[6] “Michigan Benefits from International Students,” NAFSA Association of International Educators, Fall 2015.

    [7] “The Contributions of New Americans in Michigan,” New American Economy, August 2016, pp. 8-10.

    [8] Rafael Bernal, “Amid Debate, All 2016 American Nobel Laureates Are Immigrants,” The Hill, October 10, 2016.

     

    Entrepreneurship

    Immigrants make up a major proportion of entrepreneurs in Michigan, driving economic growth and technological advancements.

    1. Immigrant entrepreneurs own more than 50% of laundries and grocery stores and 38% of restaurants, while owning 28% of all Main Street businesses nationwide.[3]
    2. 32.8% of Michigan high-tech firms launched between 1990-2005 were started by an immigrant.[4] Over half of all the billion dollar startups in the U.S. were started by immigrants.[5]
    3. The entrepreneurship rate of immigrants is three times higher in Michigan than that of native-born Michiganders.[1] More than 150,000 Michiganders work at firms owned by immigrants.[2]
    4. 41% of the Fortune 500 companies were started by an immigrant or direct descendant (the New American Fortune 500).[6]
    5. 50.5% of U.S. firms who make at least half of their revenues through exports are owned by immigrants.[7]

    [1] Robert Fairlie, “Estimating the Contribution of Immigrant Business Owners to the U.S. Economy,” Small Business Administration Office of Advocacy, November 2008, p. 31.

    [2] “The Contributions of New Americans in Michigan,” New American Economy, August 2016, p. 2.

    [3] David Dyssegaard Kallick, “Bringing Vitality to Main Street: How Immigrant Small Businesses Help Local Economies Grow,” Fiscal Policy Institute and Americas Society/Council of the Americas, January 2015, p. 2.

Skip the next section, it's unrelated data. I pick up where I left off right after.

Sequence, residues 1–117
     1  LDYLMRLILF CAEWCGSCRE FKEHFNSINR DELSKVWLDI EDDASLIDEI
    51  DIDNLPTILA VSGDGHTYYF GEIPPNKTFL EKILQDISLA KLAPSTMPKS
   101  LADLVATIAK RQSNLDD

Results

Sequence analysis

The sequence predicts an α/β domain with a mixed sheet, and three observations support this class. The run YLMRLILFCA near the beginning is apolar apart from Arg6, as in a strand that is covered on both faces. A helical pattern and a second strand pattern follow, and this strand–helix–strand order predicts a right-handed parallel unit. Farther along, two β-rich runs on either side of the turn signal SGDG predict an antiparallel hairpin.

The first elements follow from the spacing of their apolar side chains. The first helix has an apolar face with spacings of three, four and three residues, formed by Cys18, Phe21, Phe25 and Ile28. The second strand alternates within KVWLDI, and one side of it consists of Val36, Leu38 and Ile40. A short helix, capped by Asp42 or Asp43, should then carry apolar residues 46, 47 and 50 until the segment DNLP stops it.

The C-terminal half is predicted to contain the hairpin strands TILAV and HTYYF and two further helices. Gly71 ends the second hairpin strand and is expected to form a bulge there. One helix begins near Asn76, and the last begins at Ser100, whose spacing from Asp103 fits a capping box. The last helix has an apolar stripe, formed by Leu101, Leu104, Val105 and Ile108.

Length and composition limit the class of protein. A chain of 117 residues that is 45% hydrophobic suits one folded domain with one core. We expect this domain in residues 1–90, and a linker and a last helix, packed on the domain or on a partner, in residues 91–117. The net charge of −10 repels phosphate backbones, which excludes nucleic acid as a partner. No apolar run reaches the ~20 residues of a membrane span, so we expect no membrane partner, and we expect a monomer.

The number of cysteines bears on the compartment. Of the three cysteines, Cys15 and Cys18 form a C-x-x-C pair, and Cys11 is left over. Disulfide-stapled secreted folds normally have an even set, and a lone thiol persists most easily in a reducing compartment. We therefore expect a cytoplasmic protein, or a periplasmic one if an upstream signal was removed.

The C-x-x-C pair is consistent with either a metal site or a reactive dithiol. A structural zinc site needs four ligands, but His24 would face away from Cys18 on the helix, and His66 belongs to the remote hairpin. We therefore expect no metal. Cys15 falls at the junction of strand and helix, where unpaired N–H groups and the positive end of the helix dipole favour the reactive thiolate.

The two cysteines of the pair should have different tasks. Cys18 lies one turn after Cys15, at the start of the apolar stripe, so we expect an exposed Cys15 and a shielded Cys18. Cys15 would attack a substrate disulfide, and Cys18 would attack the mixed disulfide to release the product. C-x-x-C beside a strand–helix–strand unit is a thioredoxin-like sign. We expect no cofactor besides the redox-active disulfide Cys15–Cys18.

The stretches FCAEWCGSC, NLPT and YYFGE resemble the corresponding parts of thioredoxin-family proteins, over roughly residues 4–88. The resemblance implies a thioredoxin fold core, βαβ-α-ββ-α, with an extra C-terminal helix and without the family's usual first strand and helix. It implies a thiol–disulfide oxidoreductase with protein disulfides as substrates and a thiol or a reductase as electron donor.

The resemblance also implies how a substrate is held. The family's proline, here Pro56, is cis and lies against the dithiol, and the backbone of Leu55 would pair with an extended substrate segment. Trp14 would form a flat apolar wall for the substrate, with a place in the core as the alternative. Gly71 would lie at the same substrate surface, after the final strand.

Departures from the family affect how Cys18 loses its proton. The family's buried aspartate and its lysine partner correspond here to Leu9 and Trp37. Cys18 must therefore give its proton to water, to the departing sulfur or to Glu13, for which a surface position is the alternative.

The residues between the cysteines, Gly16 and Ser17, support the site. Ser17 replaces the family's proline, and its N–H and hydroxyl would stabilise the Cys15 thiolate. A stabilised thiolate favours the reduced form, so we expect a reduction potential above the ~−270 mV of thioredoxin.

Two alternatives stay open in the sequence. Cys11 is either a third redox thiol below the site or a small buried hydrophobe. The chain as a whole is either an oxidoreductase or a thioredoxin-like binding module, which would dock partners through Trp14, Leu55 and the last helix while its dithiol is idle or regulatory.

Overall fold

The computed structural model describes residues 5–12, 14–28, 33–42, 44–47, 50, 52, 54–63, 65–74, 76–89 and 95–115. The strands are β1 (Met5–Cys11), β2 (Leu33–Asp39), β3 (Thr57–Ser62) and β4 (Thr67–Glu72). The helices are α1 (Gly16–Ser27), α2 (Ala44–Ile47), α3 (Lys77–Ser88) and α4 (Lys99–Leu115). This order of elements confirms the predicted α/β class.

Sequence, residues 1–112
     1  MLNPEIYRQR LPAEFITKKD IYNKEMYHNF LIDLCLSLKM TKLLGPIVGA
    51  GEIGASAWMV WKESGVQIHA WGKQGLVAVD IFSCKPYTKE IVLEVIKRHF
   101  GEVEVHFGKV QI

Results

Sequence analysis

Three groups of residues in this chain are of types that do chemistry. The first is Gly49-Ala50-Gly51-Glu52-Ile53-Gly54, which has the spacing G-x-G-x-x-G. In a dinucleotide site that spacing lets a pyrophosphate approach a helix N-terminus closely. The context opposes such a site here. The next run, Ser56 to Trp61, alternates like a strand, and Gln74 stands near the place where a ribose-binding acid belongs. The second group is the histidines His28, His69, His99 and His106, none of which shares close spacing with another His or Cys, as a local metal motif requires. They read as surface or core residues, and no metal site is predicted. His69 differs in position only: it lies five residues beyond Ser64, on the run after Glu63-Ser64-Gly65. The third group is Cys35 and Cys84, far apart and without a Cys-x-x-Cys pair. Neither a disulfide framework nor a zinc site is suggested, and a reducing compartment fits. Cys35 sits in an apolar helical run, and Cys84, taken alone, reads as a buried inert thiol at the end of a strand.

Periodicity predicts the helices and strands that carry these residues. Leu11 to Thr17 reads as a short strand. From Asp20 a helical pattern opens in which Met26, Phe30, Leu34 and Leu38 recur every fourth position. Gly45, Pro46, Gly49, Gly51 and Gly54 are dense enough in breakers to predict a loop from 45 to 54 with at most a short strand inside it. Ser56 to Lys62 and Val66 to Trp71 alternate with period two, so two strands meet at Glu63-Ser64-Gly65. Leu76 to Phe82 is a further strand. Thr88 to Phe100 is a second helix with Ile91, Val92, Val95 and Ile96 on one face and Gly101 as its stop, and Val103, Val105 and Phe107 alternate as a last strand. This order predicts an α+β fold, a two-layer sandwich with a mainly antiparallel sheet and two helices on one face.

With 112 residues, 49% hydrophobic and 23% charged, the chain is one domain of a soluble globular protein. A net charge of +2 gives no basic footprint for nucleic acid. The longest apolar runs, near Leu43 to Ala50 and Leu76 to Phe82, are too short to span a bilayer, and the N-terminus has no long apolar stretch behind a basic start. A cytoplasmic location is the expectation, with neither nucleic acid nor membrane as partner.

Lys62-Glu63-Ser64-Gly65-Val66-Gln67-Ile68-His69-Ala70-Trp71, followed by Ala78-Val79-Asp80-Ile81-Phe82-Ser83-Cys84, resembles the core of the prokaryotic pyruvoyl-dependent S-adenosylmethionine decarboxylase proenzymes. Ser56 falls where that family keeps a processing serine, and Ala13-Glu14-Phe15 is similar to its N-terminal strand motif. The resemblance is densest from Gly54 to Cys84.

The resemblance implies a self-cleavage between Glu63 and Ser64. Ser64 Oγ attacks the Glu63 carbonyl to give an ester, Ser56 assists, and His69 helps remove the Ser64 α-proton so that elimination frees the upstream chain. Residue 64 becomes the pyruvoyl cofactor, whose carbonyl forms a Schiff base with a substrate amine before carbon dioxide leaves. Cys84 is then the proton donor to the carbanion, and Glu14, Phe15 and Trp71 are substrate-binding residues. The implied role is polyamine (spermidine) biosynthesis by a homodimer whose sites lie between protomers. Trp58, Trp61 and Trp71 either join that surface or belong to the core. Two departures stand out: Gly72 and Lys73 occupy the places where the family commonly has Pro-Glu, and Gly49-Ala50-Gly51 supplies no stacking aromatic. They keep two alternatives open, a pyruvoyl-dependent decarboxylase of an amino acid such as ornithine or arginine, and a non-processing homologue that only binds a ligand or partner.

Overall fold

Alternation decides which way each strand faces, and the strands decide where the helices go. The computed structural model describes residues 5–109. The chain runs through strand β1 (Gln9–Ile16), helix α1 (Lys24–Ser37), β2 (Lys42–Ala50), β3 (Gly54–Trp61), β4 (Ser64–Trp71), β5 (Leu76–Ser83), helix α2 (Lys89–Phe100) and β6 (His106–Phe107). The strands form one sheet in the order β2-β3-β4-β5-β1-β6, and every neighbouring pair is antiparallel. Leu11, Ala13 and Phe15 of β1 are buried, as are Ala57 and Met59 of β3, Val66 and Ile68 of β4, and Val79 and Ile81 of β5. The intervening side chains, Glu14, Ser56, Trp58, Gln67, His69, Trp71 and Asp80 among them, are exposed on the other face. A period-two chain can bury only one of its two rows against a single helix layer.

[4] Vivek Wadhwa, AnnaLee Saxenian, Ben Rissing, and Gary Gereffi “America’s New Immigrant Entrepreneurs” Duke University and University of California-Berkeley, January 4, 2007, p. 13

    [5] Stuart Anderson, “Immigrants and Billion Dollar Startups,” National Foundation for American Policy, March 2016, p. 1.

    [6] “The ‘New American’ Fortune 500,” Partnership for a New American Economy, June 2011, p. 6.

    [7] Robert Fairlie, “Open for Business: How Immigrants Are Driving Small Business Creation in the United States,” Partnership for a New American Economy, August 2012, p. 11.

     

    Taxes and Spending Power

    Immigrants are a critical part of Michigan’s economy and pay their fair share in taxes.

    1. In 2014, Michigan’s immigrants earned $19.6 billion and provided $14.2 billion in spending power after paying taxes. Michigan’s immigrants are 18.6% more likely to work than U.S.-born Michiganders.[1]
    2. Michigan’s immigrants provided $1.5 billion in state and local taxes, as well as $3.8 billion in federal taxes. They also contributed $1.9 billion in Social Security taxes, as well as $507.5 million in Medicare tax payments.[2

    [1] “The Contributions of New Americans in Michigan,” New American Economy, August 2016, pp. 5-6.

    [2] “The Contributions of New Americans in Michigan,” New American Economy, August 2016, p. 5.

     

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    4444 Second Avenue
    Detroit, MI 48201
    313-687-4674